Archive for December, 2008

Why GetSatisfaction is great

Monday, December 22nd, 2008

Suddenly even Fortune 500 firms like Apple are using GetSatisfaction, a sort of specialized social network for handling customer support.

GetSatisfaction transcends simple cost cutting.  Whether they know it or not, they are applying the “quality is free” ideas of W Edwards Deming to web-based support.  GS saves money and time for both vendor and user, while offering better support and lower cost, and actually improving the product at the same time.

How could it do all that?

To see, consider the challenges Eric and I faced with the products we created at Whitehorse Games in the 1990s.

Whitehorse was one of the early Web-based video game vendors, offering softgoods and Web-based software unlock in 1999.  This created new problems and opportunities:

  1. Customer feedback on a new release was instantaneous.
  2. Free downloads increased support requests by at least a factor of 10.
  3. 5% of problems created 95% of support requests, and you could discover this almost immediately.

Email load quickly became overwhelming:  users of demo software can be shockingly strident and demanding, considering that they have received something for nothing.  There is a tendency to just disengage:  forward the customer to a static FAQ that answers the most common problems, and deliberately delay personalized response in the hope they would go away.  This sounds harsh, but there are only so many hours in a day.  Whitehorse “solved” the problem by ending free trials — this reduced support load by over 90%, and did not hit sales at all, because, it turns out, most users of freebies will never pay for anything.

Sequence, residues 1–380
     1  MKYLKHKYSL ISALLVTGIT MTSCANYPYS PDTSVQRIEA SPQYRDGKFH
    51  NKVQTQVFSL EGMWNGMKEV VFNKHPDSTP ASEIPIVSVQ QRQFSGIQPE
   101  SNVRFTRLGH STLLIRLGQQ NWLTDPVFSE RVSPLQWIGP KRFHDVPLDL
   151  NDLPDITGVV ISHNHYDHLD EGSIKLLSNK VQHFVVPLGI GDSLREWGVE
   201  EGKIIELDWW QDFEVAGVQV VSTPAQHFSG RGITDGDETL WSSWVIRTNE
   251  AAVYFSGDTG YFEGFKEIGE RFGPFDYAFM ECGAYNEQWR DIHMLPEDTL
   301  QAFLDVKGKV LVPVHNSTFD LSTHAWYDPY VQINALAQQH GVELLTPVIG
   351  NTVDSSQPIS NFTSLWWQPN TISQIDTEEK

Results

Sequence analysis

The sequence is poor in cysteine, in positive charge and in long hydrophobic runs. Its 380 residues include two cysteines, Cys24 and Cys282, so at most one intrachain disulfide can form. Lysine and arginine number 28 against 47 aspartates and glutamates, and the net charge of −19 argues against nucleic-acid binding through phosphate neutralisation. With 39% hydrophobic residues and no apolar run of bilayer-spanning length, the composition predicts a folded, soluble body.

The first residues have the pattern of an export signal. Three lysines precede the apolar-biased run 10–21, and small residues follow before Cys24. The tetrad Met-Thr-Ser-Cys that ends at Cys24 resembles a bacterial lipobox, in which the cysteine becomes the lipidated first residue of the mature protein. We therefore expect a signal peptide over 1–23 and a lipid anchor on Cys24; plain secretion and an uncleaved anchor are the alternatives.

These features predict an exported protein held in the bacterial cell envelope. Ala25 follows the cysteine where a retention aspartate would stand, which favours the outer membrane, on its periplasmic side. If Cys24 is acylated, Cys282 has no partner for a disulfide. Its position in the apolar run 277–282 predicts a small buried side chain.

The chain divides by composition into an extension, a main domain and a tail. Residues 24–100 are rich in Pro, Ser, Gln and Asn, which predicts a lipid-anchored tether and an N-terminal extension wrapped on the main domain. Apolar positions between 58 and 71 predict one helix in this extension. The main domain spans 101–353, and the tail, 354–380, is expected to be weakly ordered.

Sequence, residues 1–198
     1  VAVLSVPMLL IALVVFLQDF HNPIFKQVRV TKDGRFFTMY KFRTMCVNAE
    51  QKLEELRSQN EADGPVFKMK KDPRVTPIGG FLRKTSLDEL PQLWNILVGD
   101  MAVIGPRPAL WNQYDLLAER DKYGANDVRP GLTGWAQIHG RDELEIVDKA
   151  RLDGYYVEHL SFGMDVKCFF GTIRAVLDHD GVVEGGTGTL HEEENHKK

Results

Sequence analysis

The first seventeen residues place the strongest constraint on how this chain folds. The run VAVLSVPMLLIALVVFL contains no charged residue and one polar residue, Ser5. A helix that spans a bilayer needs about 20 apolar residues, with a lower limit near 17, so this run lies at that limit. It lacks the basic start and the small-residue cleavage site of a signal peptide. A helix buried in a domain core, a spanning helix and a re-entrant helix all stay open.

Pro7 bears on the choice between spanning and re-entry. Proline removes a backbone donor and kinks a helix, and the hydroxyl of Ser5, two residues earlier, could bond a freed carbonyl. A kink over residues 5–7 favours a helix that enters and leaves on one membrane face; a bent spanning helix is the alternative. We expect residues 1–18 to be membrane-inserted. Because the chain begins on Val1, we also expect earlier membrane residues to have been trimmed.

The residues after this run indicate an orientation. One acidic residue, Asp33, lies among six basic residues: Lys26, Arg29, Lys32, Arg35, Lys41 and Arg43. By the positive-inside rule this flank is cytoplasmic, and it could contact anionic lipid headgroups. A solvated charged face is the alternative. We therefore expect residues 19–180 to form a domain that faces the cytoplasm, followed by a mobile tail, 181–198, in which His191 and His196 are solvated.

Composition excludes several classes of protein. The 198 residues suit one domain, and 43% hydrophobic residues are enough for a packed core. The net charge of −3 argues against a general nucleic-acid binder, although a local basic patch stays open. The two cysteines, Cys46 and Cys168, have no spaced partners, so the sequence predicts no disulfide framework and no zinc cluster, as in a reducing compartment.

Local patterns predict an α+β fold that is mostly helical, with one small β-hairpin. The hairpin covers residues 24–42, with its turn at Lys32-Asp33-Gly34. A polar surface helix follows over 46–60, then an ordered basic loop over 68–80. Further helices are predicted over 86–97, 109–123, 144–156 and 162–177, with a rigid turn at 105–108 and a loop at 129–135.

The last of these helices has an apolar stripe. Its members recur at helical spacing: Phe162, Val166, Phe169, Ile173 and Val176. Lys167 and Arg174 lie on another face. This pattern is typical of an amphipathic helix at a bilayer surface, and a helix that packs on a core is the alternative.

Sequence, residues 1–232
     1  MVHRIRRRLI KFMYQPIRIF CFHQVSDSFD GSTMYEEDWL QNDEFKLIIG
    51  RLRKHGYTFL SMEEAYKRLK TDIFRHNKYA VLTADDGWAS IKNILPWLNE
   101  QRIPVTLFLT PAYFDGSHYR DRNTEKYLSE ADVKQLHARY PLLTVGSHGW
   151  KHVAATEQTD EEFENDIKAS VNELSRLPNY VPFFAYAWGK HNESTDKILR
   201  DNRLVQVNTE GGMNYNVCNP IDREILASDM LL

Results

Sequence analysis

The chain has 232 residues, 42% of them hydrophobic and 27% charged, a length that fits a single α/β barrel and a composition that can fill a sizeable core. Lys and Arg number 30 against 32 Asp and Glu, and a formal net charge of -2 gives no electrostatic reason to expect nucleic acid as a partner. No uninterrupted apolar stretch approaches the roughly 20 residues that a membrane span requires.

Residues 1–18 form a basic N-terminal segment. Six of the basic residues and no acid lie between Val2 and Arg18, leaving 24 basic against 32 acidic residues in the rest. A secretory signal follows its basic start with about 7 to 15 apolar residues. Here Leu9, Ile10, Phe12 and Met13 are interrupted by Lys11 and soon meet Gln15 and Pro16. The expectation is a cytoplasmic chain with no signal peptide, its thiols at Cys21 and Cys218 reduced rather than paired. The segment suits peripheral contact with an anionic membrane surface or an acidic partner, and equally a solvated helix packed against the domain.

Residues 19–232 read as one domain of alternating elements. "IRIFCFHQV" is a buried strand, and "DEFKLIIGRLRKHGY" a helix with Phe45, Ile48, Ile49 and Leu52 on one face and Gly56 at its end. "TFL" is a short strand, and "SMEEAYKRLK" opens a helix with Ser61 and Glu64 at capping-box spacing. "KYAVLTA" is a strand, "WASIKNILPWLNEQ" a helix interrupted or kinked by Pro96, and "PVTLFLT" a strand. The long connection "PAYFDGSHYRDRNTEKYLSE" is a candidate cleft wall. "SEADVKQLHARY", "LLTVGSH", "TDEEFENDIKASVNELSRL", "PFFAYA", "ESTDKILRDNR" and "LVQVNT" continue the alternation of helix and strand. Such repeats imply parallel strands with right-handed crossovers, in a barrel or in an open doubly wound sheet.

But I recall thinking, even then, that this missed a huge opportunity to improve the product.  Freebie users sometimes offer you something valuable when they take the time to complain.  If there were just some way to efficiently collect product suggestions, categorize them in a way that did not consume human time, the product cycle could be compressed to radically improve things in much shorter time.

In fact, in 2001, I briefly developed a startup idea around this, but my version was too complex (attempted to systematize the entire software process, including an outsourcing marketplace like Elance), too centralized (outsource support by direct-selling to individual vendors), and too narrowly marketed (attempted to deal only with software vendors).